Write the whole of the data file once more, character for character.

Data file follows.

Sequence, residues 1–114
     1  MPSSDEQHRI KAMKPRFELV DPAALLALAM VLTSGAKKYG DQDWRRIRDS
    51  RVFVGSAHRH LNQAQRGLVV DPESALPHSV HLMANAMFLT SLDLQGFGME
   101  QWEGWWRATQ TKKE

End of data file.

Sequence, residues 1–114
     1  MPSSDEQHRI KAMKPRFELV DPAALLALAM VLTSGAKKYG DQDWRRIRDS
    51  RVFVGSAHRH LNQAQRGLVV DPESALPHSV HLMANAMFLT SLDLQGFGME
   101  QWEGWWRATQ TKKE